‘La Question Humaine’ is an engrossing movie from start to finish, weaving together large contemporary themes: corporate life; the destructive manipulation of language; and the dynamic connection between the past and the present.
In Europe especially, WWII was the beginning of a new era of relationships between what had once been warring neighbors. And the holocaust described a technological application of killing on a massive scale. The result of the unrestrained and destructive Nazi philosophy was—and still is—a crease in the combined psyche. Man’s inhumanity to Man is a continuing backdrop to the concerns of many writers, artists, historians and others—and a subterranean shadow on the continent.
American viewers of ‘La Question Humaine’ might at first think such events too remote. This would be a great mistake because the underlying elements of the human condition apply to all societies, and one of the most important gifts of this film by Nicolas Klotz is his focus on the ‘deadening of language’ by those who want to conceal realities. For instance, corporate, government, and military vocabularies regularly substitute neutral words for what would otherwise be unacceptable descriptions: ‘units’ for ‘people’, ‘removed’ for ‘killed’, ‘low income’ instead of ‘poor’, executives did not commit fraud on a massive scale, they ‘acted unwisely’ or ‘in their own interests’. In a larger sense, also, concepts are simply removed from dialogue; it is unacceptable to speak of a class system in the United States even though one clearly exists, and society increasingly resembles the historical bifurcation of the population into two opposed groups—the rich and the poor.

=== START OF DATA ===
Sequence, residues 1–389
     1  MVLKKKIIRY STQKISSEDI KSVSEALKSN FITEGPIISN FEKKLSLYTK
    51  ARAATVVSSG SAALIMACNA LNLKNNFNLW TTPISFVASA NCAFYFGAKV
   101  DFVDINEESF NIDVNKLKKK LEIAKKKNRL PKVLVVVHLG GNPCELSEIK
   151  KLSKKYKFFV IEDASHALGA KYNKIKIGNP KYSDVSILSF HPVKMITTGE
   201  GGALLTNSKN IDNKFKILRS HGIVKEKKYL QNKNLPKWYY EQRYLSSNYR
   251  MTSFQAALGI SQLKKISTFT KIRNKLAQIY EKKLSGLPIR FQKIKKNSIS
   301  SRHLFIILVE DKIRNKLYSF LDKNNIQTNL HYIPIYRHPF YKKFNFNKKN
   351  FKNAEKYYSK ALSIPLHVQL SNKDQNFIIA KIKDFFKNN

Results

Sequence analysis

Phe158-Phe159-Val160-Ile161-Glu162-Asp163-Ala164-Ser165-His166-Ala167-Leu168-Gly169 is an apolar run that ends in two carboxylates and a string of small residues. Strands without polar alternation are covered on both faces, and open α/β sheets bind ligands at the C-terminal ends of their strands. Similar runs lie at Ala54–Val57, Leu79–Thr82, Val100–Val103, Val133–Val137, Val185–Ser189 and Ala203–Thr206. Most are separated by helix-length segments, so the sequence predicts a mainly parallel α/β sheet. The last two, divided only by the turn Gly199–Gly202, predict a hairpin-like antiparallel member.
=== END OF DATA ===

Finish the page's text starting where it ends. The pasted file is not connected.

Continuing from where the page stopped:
In this sense, ‘La Question Humaine’ is a subtle interruption of the continuous flood of ‘deadened language’ washing over us by controlling interests. As monsieur Neumann (an elderly man who was directly involved in the last years of the Nazi state) softly cautions toward the end of the film: “Language is a powerful means of propaganda. It’s the most public and the most secret at the same time. The effect of this propaganda isn’t produced by speeches, articles, and flyers. It seeps into the masses’ flesh and blood.”
‘La Question Humaine’ like many European films, asks necessary questions about the nature of work; what is our relationship to it, and what are the results of the actions of the people in charge? The meltdown in the U.S. and in other countries should have been a dire warning that the present economic structures need seriously revised and monitored. Klotz’s film asks us to consider who we are as workers, and how that reflects on our humanity; who is making the decisions that affect our lives? Pointedly, the film awakens us to the real responsibility we all have as actors in the propagation and continuation of the largely unrecognized corporate and institutionalized current in which we are carried and carry others. This question is brought to the fore when Mathias (the CEO of a large German-French consortium in the film) asks an executive from personnel in charge of drastically downsizing the corporation’s workforce, “How do you reconcile ‘the human factor’ with the company’s need to make money?”
We are the ones that make the ‘machine’ work. Are we to be simply, “Ignorant lovers of free enterprise, giving it incredible energy and a form of disposable, instant, vital youth that wants to get its kicks, enjoy, compete and even die on the battlefield,” as Klotz suggests is happening with young corporate people? ‘La Question Humaine’, irresistibly invites the viewer into this and other questions about being human in a complex world.
‘La Question Humaine’ (The Heart Detector) (2007), France (143 min.); Directed by Nicolas Klotz; Cast: Mathieu Amalric (Simon), Michael Lonsdale (Mathias Just), Jean-Pierre Kalfon (Karl Rose), Lou Castel (Arie Neumann).